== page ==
An interesting article in Women’s Enews today about the persisting prevalence of episiotomies, despite a medical study from two years ago which proves that there is NO MEDICAL BENEFIT.
The article points out that the procedure (which involves making an incision in the perineum, the area between the vagina and the anus, during labor) continues to be employed in one-quarter of births. It was previously thought that making a surgical incision was preferable to the possibility of a natural tear during delivery, and the practice became widely employed by the 1940s with the rational being that subsequent stitching would be easier, as well as avoiding side effects like pelvic floor dysfunctions. It also helps to speed up the pushing phase of labor, by widening the vaginal opening for the baby to exit.
The study cited by this article, which reviewed over 50 years worth of data and research on the use of episiotomy came to these conclusions:
The JAMA researchers found that the benefits traditionally attributed to routine episiotomy do not exist. They also found that episiotomy actually increases the risk of severe tearing, pain with intercourse, incontinence and other pelvic problems following delivery. Based on these findings, the researchers called for an end to the procedure, except when the health of the fetus is at risk.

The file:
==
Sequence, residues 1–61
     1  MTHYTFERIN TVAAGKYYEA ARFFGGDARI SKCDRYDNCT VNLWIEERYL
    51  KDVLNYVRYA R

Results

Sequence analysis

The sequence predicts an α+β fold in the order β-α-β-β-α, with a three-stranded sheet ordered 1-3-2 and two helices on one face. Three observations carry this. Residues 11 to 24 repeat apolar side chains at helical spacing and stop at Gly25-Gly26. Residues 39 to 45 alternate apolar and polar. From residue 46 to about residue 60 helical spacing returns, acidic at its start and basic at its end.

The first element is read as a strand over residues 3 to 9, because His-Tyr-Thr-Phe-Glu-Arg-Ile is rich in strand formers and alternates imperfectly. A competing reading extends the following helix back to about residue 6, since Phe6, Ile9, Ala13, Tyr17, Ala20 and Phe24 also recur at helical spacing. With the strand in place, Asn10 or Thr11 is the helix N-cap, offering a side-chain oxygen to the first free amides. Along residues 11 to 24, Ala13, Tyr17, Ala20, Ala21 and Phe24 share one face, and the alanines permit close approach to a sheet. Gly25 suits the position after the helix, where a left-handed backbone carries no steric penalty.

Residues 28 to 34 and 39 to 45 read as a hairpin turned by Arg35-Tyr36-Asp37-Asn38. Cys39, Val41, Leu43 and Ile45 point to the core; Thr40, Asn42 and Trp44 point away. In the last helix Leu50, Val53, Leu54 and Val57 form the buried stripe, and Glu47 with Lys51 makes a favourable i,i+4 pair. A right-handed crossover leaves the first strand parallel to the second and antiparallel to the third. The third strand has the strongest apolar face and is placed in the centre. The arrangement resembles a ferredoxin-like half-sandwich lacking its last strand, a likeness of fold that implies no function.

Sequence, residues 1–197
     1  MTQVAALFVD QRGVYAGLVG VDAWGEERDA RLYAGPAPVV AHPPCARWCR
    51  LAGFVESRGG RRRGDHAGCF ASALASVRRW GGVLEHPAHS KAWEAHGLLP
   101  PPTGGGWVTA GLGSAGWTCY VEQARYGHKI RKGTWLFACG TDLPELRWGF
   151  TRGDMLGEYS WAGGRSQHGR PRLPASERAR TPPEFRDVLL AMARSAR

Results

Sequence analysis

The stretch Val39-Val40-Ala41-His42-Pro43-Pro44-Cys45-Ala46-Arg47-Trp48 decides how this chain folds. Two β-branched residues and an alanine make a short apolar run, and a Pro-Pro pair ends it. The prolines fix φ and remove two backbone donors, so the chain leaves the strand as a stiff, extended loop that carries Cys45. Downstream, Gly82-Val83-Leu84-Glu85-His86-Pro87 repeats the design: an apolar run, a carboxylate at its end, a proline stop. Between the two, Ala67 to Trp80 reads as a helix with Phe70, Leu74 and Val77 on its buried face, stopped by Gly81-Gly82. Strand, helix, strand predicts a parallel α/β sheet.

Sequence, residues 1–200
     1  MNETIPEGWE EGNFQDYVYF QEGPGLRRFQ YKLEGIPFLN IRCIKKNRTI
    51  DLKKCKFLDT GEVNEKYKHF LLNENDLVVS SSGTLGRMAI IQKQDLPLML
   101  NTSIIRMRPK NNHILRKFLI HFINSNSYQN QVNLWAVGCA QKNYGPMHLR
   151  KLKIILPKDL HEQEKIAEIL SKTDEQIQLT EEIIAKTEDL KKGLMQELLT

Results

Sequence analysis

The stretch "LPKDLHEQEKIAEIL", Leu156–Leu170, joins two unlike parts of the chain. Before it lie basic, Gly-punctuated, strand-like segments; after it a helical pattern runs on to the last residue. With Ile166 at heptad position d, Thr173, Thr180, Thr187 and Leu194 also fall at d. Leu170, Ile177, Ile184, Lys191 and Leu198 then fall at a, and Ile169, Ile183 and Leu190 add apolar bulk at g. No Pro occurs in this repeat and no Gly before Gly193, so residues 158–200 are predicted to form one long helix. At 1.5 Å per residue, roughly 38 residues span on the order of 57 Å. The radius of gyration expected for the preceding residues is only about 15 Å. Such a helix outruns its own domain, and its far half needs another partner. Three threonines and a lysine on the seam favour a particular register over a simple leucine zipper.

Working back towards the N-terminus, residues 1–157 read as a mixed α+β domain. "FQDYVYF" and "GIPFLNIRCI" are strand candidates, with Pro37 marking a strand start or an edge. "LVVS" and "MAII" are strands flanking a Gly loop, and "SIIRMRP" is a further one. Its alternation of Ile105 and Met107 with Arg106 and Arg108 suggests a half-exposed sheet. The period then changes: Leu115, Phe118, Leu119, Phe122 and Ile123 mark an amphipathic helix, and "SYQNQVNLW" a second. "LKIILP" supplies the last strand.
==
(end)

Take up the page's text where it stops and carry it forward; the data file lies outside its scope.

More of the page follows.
This is a huge step forward in recognizing something that midwives have known for a long time–this intervention is unnecessary and actually harmful in many cases. I witnessed the detrimental effects of episiotomy firsthand while observing in an Ecuadorian maternity ward. The doctors (actually medical students) there told me that while they knew that it was counter-indicated to perform routine episiotomies, they continued to do it anyway, for ALL women who labored at their maternity. One woman who I accompanied during her labor, whose pushing stage only lasted maybe 30 minutes, then required almost an hour and a half of stitching for the episiotomy she was given.
The article goes on to explain why there hasn’t been a more significant decrease in the use of the procedure in the two years since the study was released–the difficulty of educating older doctors.
A study published last year in the Journal of Reproductive Medicine showed that physicians in practice 15 years or more perform episiotomies 50 percent more often than those in practice less than 15 years. “I can’t wait for the doctors who do routine episiotomies to fall out by attrition,” says Hoskins. “That’s too long to wait.”
This is similar to the reason why in places like Ecuador, they are still employing old standards of episiotomy indications. In many foreign countries, particularly in Latin America, they follow the American College of Obstetrics and Gynecology Guidelines. They use the US curriculum for teaching their students, and rely on the research and developments that come out of the practice in the US. The problem is, it can take a significant amount of time for these things to filter down, particularly to the level of public maternity practice in Ecuador. The accountability in those countries is not the same, and there is often times a stark difference between private maternity care and the services offered to low-income people in public hospitals.